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I have heard countless Tibetan men say that there isn’t really anything for Tibetan women to complain about in terms of gender equality because we Tibetan women “have it so much better than women from other communities,” to paraphrase the general lines. The usual example cited by Tibetan men is how women in India are often beaten and burnt alive for not paying dowry but that in the Tibetan community there are women who beat their husbands. When did Tibetan men stoop low enough to compare themselves to systems which inflict such injustices upon women?
In our society, Tibetan women are still expected to be docile, obedient, “good” mother/daughter figures, usually defined by the kind of clothes we wear, the degree of servility and acquiescence we show towards elders, readiness to agree with the men in control, lack of any inclination to argue, and being expected to want to settle down and marry. A vast number of women may be running everything in their households and society, from domestic duties to family businesses to being political leaders, but to be a truly “good Tibetan woman” one is expected to be “obedient” and be good wives/mothers/daughters (which, more often than not, entails surrendering to men).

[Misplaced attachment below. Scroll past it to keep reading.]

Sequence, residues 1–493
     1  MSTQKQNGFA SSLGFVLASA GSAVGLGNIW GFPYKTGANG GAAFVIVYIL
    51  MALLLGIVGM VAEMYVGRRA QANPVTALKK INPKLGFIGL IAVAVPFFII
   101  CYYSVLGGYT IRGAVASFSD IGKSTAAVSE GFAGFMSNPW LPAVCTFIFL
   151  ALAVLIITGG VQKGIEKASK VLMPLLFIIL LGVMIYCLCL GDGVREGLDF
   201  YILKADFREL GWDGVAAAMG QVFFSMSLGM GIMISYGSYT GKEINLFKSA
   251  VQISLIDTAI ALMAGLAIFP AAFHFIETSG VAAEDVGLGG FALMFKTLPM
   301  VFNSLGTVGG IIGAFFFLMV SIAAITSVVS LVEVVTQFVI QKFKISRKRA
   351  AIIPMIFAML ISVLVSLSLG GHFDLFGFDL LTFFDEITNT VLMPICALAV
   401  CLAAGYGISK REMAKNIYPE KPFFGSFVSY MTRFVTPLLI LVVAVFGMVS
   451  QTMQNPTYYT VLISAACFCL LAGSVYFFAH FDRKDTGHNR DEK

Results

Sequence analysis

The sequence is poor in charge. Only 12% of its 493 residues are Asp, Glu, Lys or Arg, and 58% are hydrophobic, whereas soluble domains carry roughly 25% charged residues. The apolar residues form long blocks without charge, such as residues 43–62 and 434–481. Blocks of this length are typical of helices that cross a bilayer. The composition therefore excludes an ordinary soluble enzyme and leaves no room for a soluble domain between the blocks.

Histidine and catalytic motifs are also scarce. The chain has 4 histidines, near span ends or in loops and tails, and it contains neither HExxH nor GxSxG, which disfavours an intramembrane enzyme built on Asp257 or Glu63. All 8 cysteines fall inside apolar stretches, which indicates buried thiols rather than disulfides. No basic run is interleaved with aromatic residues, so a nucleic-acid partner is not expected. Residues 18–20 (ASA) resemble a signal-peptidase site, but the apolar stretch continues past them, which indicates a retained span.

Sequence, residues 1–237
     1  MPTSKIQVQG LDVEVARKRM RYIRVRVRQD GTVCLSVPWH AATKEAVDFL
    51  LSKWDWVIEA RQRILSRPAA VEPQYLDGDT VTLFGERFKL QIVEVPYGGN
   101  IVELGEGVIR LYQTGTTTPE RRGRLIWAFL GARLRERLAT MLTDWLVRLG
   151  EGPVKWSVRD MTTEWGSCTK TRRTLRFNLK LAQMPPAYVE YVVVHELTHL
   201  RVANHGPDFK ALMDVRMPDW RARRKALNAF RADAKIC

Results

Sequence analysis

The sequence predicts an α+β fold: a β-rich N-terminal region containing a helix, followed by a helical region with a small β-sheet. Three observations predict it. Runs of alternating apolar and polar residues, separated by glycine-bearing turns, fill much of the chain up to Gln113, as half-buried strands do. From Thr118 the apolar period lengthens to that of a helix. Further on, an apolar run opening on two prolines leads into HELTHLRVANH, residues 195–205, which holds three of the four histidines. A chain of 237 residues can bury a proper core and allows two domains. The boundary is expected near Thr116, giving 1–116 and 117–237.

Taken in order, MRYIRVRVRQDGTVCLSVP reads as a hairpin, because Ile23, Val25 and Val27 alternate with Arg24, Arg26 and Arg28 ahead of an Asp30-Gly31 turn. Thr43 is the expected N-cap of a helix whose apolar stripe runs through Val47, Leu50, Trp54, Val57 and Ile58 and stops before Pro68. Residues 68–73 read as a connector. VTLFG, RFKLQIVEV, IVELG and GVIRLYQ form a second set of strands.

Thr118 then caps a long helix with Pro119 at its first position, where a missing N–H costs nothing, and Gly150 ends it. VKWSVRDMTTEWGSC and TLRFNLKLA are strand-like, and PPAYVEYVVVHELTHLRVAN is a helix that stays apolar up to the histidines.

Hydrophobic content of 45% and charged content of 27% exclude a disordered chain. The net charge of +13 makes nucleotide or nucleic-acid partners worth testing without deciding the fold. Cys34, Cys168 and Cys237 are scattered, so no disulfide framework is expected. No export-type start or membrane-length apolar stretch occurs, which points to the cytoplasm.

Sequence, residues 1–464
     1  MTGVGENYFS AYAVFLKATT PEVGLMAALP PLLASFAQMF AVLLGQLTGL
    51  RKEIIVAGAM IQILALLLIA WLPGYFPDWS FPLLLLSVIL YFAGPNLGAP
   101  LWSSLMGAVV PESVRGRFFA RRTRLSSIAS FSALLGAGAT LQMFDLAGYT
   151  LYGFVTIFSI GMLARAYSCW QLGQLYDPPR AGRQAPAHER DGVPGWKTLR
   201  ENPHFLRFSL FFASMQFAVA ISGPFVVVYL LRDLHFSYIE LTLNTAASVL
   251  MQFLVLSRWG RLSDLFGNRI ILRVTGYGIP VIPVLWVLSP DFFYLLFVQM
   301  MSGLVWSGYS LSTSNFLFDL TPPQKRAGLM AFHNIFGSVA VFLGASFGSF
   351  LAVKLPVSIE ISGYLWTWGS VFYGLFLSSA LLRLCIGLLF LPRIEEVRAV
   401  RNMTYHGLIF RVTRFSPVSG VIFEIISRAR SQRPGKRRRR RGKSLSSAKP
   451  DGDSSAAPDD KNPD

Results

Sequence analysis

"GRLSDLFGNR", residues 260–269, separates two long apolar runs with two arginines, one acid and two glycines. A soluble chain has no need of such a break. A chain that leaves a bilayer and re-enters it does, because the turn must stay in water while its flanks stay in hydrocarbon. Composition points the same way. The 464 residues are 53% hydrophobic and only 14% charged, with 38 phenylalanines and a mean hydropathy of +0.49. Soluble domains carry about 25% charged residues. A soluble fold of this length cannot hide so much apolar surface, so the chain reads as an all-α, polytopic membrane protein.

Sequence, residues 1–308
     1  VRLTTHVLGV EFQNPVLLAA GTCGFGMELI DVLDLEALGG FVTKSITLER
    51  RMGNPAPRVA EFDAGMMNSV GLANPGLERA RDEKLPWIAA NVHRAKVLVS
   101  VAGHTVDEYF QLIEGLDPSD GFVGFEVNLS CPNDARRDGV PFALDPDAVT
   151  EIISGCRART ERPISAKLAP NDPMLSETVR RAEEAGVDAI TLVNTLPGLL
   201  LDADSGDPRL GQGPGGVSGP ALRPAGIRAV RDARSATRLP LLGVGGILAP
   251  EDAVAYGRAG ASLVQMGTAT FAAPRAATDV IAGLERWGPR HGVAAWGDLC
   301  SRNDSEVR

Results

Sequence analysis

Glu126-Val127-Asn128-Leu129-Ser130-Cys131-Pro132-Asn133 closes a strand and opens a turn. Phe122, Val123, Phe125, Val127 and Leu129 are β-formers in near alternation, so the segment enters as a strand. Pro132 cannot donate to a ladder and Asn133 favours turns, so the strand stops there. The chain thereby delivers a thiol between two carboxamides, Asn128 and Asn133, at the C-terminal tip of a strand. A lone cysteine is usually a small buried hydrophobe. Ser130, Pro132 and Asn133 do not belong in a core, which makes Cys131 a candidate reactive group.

Tibetan women are raised hearing things like “but you are a girl”, “this isn’t what good bhoepa girls do”, “this is what good bhoepa girls do”. I agree that there are many safety concerns as women living in India, but why should boys get to do anything while girls are always warned to keep in mind their gender? As if our gender is a limitation.
When I point out this double standard people will often reply, “Oh, but men and women are equal so you can do whatever you want.” But they will then try to put a leash on their own wives, sisters, daughters, nieces, and cousins. In India, women need to develop heightened levels of consciousness about safety in order to avoid dangerous situations. However, rather than focusing entirely on restricting freedom of movement and choice for women in the name of safety, people should be focusing on the primary cause of the problem: Men’s attitudes towards women. We are raised with the belief that Tibetans are compassionate, forward-thinking and open minded, but we always manage to categorize women into either the “good” or the “bad” ones (and we all know the standards by which goodness is measured).
For example, in Dharamsala, married women who do not like wearing chupa usually are looked at differently. The chupa has almost become the yardstick by which to measure the respectability of a woman. We live in families where women are still expected to do all the household chores even if they work the same kinds of 9-5 jobs as their husbands. Yet, men aren’t expected to handle anything in the kitchen – even when they know how to cook – while the women cannot even have control over whether or not to wear chupa, constantly having to be conscious of what our society will think. Men never have to worry about wearing chupa, except on very rare occasions. If a woman likes wearing chupa and is by nature quiet and doesn’t like confrontation, then that is her choice. But why should the women who are not like that be treated any differently?